13. SparkEE, please understand I am posting this info for the seller and what info I provide is all I have. If you wish to have your question addressed, I strongly suggest you give Harry a call, as I don't think he's as computer-centric as many of us are.
  14. This Model A needs everything but in all honesty, it is a parts car that could not be restored economically. It is basically all there with an older professionally-rebuilt engine. Body is not original to the car but is an early '28 body as evidenced by the body-mounted taillight provision. Nice 21" wheels with unworn lugbolt tapers. Make an offer on this car. Car is located near downtown Atlanta, in the O4W area, if you're familiar with the city.Car is located near downtown Atlanta, in the O4W area, if you're familiar with the city. This car has to go to a new owner. Contact Harry at (404) 234-3506.
  15. This Plymouth was restored by Leo Gephart and I bought it at auction in Auburn. It has sidemounts, trunk rack, rumble seat, wind wings and other options. It is a good driver, however, it has been sitting for a while and needs the early hydraulic brakes overhauled plus woken-up from sitting for several years. $28,000 or best offer. Car is located near downtown Atlanta, in the O4W area, if you're familiar with the city. This car has to go to a new owner. Contact Harry at (404) 234-3506.
  16. 1921 Studebaker Light 6 touring that is basically a very well-preserved HPOF car. Needs a little work to get running again. $12,000 or best offer. Car is located near downtown Atlanta, in the O4W area, if you're familiar with the city. This car has to go to a new owner. Contact Harry at (404) 234-3506.
  17. OK, I just spoke to Harry and I will be posting my pics and copying and pasting the info he has provided into four separate listing starting now.
  18. I've just sent out pics of the Model A, the Stude, and the Plymouth. If anyone else is interested, PM me your email address.
  19. Cars are located near downtown Atlanta, in the O4W area, if you're familiar with the city. If Harry gives me permission to post my photos, I will do so.
  20. Folks, Harry needs to move these cars and is the very definition of a motivated seller. If you have any interest in any or all of them, please contact him. The Model A is rather rough, but the other three cars are very nice pieces. I visited him a few weeks back (he's local to me and has been a friend for many decades) and took a number of pictures. If anyone is sincerely interested, PM me with which cars you wish to see more of and your email address and I'll send you the photos I have.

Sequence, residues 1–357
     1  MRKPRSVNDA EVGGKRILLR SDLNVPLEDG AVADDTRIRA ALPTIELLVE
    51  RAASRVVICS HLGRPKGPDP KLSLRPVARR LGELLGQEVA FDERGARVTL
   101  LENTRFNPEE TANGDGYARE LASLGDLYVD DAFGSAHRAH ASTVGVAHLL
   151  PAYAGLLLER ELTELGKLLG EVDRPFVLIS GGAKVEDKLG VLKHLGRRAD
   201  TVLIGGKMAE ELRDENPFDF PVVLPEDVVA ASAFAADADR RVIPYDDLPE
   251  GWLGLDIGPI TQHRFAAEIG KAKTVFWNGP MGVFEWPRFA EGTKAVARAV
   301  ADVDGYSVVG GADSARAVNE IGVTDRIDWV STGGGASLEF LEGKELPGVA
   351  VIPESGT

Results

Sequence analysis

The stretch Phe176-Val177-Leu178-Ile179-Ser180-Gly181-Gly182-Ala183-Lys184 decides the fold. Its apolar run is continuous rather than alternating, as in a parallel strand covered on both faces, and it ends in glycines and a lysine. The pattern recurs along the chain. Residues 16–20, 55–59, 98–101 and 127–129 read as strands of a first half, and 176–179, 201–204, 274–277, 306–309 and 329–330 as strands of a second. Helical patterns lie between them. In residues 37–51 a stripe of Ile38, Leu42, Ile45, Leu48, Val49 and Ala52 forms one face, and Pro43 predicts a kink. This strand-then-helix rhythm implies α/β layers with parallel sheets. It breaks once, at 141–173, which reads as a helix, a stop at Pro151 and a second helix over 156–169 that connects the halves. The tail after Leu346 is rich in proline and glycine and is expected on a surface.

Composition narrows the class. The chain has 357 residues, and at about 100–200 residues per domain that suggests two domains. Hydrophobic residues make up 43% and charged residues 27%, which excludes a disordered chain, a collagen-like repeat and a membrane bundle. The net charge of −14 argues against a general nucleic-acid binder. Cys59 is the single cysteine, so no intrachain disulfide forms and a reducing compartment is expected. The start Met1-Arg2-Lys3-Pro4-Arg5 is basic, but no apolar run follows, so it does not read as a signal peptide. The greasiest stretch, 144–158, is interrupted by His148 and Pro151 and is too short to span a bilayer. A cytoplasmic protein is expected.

21. LOL. I was 60 when I drove my Tudor back from Oregon. And I'd do it again tomorrow....
  22. Oh, my goodness, the stories I could tell about the "restoration work" I've seen that was done by well-known and very expensive shops...
  23. FWIW, the guy's real name is Ryan Thibeault. While I admit he's having a great trip, IMO folks are making too much of the fact that this is a largely stock car. In Oct 2014, I drove a bone-stock 1930 Tudor from McMinnville, Oregon, back to Atlanta, without much of an issue. Since it was a forty-plus year old restoration that had only accumulated a bit more than 1,500 miles since being finished, I did have to replace the rock-hard water pump seal the first night out and the overcharging generator (nearly 15 amps at cruising speed!) failed one day away from home. (I was too lazy to adjust the third brush and planned to replace it with an alternator anyway.) The forty-year old Firestones didn't give a bit of trouble, although a leaking stem on one tube resulted in a flat in Broken Arrow, OK. AACA members may recall the story of my trip that appeared in the Antique Automobile in the summer of 2015. Ryan's will have made a longer trip in his Model A than I did by the time he gets home. I did have a chase car as we drove out to Oregon to get the car, so had a bit more of a safety factor, if you will. But these are reliable cars, if maintained and not screwed up by ham-fisted shadetree mechanics.